Some of the issues that most divided the nation during the first five years of President Barack Obama’s presidency — the reform of the American health care system and gun control — are now on the docket of the United States’ highest court. Plus there are cases brought by for-profit companies — the craft store chain Hobby Lobby Stores Inc. and Conestoga Wood Specialties Corp. — putting the spotlight on the First Amendment’s freedom of religion clause, with the plaintiffs objecting to the Affordable Care Act’s requirement that companies subject to the employer mandate must provide workers with policies covering contraception. The Second Amendment has also been placed in the limelight thanks to lawsuits that have been appealed to the Supreme Court.
The Second Amendment — added to the U.S. Constitution on December 15, 1791 — reads: “A well regulated Militia, being necessary to the security of a free State, the right of the people to keep and bear Arms shall not be infringed.” For more than a hundred years, the right to bear arms was a subject untouched by the Supreme Court, meaning there was no legal precedent to define the exact scope of the amendment. As John Paul Stevens, who sat on the bench of the Supreme Court from 1975 until his retirement in June 2010, told Bloomberg Businessweek, “federal judges uniformly understood that the right protected by the text was limited in two ways: first, it applied only to keeping and bearing arms for military purposes, and second, while it limited the power of the federal government, it did not impose any limit whatsoever on the power of states or local governments to regulate the ownership or use of firearms.”
A Reconstruction-Era Supreme Court case — United States v. Cruikshank — said as much; in determining whether the group of white men who had killed more than sixty black people in what was known as the Colfax massacre had conspired to prevent the newly-freed men from exercising their right to bear arms, the Court found that the “[t]he Second Amendment…has no other effect than to restrict the powers of the national government.” Subsequent rulings also reaffirmed the idea that states have the authority to regulate the militia. And, in 1897, the Court ruled in Robertson v. Baldwin that laws regulating concealed weapons did not infringe upon the Second Amendment.
But gradually the question of gun ownership became a more pressing issue. However, it was not until 2008 that the Supreme Court began to change its stance. In 2008, the highest court made a landmark ruling in District of Columbia v. Heller. By a five-to-four decision that saw Stevens on the losing end, the justices ruled that the Second Amendment protects a civilian’s right to keep a handgun in his home for self-defense. The decision defined the Second Amendment use of the word “militia” as a group “comprised all males physically capable of acting in concert for the common defense,” and used American history as support. “The Antifederalists feared that the Federal Government would disarm the people in order to disable this citizens’ militia, enabling a politicized standing army or a select militia to rule. The response was to deny Congress power to abridge the ancient right of individuals to keep and bear arms, so that the ideal of a citizens’ militia would be preserved.”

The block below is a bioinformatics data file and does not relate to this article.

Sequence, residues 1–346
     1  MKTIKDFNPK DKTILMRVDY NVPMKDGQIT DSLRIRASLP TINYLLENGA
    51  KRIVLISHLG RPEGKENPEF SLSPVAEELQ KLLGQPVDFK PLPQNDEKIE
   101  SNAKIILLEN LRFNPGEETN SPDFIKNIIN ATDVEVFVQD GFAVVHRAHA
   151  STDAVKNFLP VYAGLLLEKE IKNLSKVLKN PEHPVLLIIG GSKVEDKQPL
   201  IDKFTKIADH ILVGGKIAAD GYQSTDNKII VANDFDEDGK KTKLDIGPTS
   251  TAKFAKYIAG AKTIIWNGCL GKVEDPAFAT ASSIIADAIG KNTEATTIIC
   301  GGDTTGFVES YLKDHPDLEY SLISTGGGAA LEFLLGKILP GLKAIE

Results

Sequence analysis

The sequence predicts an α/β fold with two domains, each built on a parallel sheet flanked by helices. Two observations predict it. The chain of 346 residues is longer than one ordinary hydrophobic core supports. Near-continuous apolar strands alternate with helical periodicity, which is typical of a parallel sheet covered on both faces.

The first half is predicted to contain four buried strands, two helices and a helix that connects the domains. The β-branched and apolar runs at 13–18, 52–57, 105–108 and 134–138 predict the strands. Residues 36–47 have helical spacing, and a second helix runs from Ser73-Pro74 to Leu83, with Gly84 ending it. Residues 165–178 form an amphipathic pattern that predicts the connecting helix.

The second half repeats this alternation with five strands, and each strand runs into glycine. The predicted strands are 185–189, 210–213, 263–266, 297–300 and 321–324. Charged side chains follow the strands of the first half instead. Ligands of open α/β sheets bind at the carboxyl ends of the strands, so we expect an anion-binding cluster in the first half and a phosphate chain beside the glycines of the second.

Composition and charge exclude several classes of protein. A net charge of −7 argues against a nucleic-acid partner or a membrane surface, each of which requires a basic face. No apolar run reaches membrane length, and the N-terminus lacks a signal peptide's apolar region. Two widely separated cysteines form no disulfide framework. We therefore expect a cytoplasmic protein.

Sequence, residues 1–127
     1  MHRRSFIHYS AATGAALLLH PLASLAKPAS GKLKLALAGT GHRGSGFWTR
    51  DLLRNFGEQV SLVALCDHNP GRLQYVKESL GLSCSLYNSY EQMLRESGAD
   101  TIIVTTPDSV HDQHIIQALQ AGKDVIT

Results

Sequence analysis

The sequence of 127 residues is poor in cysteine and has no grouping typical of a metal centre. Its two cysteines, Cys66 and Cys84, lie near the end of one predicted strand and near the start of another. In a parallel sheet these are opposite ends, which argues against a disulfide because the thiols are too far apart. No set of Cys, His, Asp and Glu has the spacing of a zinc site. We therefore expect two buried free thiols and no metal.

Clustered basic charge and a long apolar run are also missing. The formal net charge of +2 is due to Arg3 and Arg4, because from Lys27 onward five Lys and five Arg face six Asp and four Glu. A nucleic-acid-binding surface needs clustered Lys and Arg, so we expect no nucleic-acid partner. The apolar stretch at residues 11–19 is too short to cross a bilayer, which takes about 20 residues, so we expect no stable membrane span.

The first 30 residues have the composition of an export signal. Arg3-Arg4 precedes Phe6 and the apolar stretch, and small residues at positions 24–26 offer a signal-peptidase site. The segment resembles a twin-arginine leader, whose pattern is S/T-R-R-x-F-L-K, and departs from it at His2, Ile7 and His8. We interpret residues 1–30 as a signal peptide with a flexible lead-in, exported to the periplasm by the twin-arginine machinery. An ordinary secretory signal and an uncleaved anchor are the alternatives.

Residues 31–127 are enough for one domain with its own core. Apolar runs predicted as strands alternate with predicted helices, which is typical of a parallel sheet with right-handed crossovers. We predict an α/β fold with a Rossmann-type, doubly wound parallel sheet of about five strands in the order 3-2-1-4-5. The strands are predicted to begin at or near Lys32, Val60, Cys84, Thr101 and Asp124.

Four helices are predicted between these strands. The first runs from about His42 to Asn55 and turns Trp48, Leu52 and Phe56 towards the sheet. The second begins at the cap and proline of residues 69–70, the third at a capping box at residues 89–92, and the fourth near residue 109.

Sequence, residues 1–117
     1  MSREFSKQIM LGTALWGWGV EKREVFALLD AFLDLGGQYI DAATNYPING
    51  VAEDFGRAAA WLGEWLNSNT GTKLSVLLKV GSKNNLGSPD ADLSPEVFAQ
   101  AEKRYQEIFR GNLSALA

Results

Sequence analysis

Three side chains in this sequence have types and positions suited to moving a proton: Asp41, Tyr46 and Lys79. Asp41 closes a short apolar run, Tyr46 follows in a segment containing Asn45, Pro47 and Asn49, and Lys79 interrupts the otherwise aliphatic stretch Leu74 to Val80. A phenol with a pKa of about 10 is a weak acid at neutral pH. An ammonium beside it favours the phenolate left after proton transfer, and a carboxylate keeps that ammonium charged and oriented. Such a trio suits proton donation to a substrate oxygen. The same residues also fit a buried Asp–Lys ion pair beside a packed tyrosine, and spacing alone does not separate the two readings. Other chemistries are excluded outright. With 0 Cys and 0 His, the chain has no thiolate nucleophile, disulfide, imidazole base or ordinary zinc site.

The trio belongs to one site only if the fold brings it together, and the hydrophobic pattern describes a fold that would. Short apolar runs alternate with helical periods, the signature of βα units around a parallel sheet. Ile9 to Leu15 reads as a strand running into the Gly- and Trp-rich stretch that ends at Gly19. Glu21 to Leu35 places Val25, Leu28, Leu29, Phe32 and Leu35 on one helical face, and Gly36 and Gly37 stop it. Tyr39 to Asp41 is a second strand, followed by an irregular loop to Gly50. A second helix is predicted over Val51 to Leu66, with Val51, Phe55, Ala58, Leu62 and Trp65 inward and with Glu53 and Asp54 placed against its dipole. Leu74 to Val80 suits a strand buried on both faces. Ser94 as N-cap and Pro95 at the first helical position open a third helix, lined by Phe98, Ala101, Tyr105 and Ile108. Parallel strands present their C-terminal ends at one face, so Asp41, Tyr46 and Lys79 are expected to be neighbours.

In 2010, by a second five-to-four vote, the Supreme Court extended their ruling to apply to states and local governments. Shock waves from both those rulings are still sending tremors through the legal system, making it hard to tell whether gun advocates will be able to use Heller to reverse other gun control regulations.
Comments made by Conservative Justice Warren Burger, who led the court from 1969 to 1986, serve to highlight how quickly the Supreme Court’s stance on gun control has changed. Discussing the National Rifle Association’s lobbying campaign opposing gun control laws in the name of Second Amendment rights, he said during a 1991 television interview that the amendment “has been the subject of one of the greatest pieces of fraud — I repeat, fraud — on the American public by special interest groups that I have ever seen in my lifetime.”
To Stevens, known as the justice that transformed from a Midwestern conservative to strong proponent of the political left, the time could be ripe to clarify the meaning of the right to bear arms. In fact, with three cases related to gun control set to be argued before the Supreme Court, he believes the justices should consider changing the Second Amendment — not an uncontroversial idea. Stevens explored that idea in his forthcoming book: Six Amendments: How and Why We Should Change the Constitution.
In both of the Supreme Court’s Heller rulings, Stevens dissented. He told Bloomberg that the authors of the constitution included the Second Amendment out of concerns that a national standing army could pose a threat to the sovereignty of the states, not to address homeowners’ fears about intruders. That disparity is his reasoning for the proposed change; the current interpretation of the right to bear arms does not align with the intentions of the country’s forefathers.
The former justice also explained the minute details of the Heller case. Most importantly, he told Bloomberg, the ruling does not prohibit federal, state, or local governments from restricting the ownership of large-capacity weapons like those used in mass shootings in Connecticut, Virginia, Colorado, and Arizona over the past few years. Furthermore, he claimed that Congress’s failure to pass gun control legislation is the fault of both elective politics and lobbying, according to Boomberg.
Regardless of whether the Heller decision was right or wrong, Stevens said that it ultimately pulled the issue of gun control out of the hands of elected politicians and placed it into the power of life-tenured federal judges.
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